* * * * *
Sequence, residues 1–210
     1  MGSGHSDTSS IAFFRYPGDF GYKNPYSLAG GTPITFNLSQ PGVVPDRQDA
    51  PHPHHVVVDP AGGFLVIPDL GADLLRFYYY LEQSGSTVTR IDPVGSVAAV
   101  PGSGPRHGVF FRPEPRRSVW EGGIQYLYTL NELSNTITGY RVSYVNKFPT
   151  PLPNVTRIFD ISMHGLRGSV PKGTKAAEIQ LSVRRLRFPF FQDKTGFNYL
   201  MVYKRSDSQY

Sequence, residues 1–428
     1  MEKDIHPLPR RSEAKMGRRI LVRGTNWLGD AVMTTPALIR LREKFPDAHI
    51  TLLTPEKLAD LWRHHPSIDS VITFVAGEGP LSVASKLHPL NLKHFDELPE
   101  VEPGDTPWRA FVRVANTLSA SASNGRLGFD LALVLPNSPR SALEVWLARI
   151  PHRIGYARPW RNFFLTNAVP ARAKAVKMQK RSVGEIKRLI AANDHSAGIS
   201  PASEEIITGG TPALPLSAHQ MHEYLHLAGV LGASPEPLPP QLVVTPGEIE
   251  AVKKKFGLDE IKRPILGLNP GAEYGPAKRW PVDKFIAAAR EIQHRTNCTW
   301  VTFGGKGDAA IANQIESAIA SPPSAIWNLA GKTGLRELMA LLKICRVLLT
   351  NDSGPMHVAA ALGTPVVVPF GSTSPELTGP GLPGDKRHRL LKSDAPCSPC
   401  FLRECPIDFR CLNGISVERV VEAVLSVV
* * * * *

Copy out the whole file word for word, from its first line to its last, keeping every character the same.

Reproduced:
Sequence, residues 1–210
     1  MGSGHSDTSS IAFFRYPGDF GYKNPYSLAG GTPITFNLSQ PGVVPDRQDA
    51  PHPHHVVVDP AGGFLVIPDL GADLLRFYYY LEQSGSTVTR IDPVGSVAAV
   101  PGSGPRHGVF FRPEPRRSVW EGGIQYLYTL NELSNTITGY RVSYVNKFPT
   151  PLPNVTRIFD ISMHGLRGSV PKGTKAAEIQ LSVRRLRFPF FQDKTGFNYL
   201  MVYKRSDSQY

Sequence, residues 1–428
     1  MEKDIHPLPR RSEAKMGRRI LVRGTNWLGD AVMTTPALIR LREKFPDAHI
    51  TLLTPEKLAD LWRHHPSIDS VITFVAGEGP LSVASKLHPL NLKHFDELPE
   101  VEPGDTPWRA FVRVANTLSA SASNGRLGFD LALVLPNSPR SALEVWLARI
   151  PHRIGYARPW RNFFLTNAVP ARAKAVKMQK RSVGEIKRLI AANDHSAGIS
   201  PASEEIITGG TPALPLSAHQ MHEYLHLAGV LGASPEPLPP QLVVTPGEIE
   251  AVKKKFGLDE IKRPILGLNP GAEYGPAKRW PVDKFIAAAR EIQHRTNCTW
   301  VTFGGKGDAA IANQIESAIA SPPSAIWNLA GKTGLRELMA LLKICRVLLT
   351  NDSGPMHVAA ALGTPVVVPF GSTSPELTGP GLPGDKRHRL LKSDAPCSPC
   401  FLRECPIDFR CLNGISVERV VEAVLSVV